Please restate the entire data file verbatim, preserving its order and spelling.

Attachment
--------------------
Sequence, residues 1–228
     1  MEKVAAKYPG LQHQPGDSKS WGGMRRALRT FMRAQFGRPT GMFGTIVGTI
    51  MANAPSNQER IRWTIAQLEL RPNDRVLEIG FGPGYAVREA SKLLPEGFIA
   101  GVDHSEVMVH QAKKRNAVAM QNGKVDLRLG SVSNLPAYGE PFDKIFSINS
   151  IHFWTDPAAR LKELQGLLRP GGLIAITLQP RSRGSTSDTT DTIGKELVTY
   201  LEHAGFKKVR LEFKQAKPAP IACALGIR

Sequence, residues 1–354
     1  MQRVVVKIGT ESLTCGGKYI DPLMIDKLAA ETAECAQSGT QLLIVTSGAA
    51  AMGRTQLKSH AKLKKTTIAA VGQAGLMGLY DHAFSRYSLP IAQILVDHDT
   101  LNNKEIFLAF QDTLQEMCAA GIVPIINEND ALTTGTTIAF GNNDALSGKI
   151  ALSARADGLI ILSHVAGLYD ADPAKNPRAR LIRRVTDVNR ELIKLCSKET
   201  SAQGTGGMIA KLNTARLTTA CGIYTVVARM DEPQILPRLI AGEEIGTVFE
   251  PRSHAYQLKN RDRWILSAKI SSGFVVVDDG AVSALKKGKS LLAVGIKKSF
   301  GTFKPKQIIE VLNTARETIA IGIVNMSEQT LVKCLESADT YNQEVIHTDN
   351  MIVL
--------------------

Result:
Sequence, residues 1–228
     1  MEKVAAKYPG LQHQPGDSKS WGGMRRALRT FMRAQFGRPT GMFGTIVGTI
    51  MANAPSNQER IRWTIAQLEL RPNDRVLEIG FGPGYAVREA SKLLPEGFIA
   101  GVDHSEVMVH QAKKRNAVAM QNGKVDLRLG SVSNLPAYGE PFDKIFSINS
   151  IHFWTDPAAR LKELQGLLRP GGLIAITLQP RSRGSTSDTT DTIGKELVTY
   201  LEHAGFKKVR LEFKQAKPAP IACALGIR

Sequence, residues 1–354
     1  MQRVVVKIGT ESLTCGGKYI DPLMIDKLAA ETAECAQSGT QLLIVTSGAA
    51  AMGRTQLKSH AKLKKTTIAA VGQAGLMGLY DHAFSRYSLP IAQILVDHDT
   101  LNNKEIFLAF QDTLQEMCAA GIVPIINEND ALTTGTTIAF GNNDALSGKI
   151  ALSARADGLI ILSHVAGLYD ADPAKNPRAR LIRRVTDVNR ELIKLCSKET
   201  SAQGTGGMIA KLNTARLTTA CGIYTVVARM DEPQILPRLI AGEEIGTVFE
   251  PRSHAYQLKN RDRWILSAKI SSGFVVVDDG AVSALKKGKS LLAVGIKKSF
   301  GTFKPKQIIE VLNTARETIA IGIVNMSEQT LVKCLESADT YNQEVIHTDN
   351  MIVL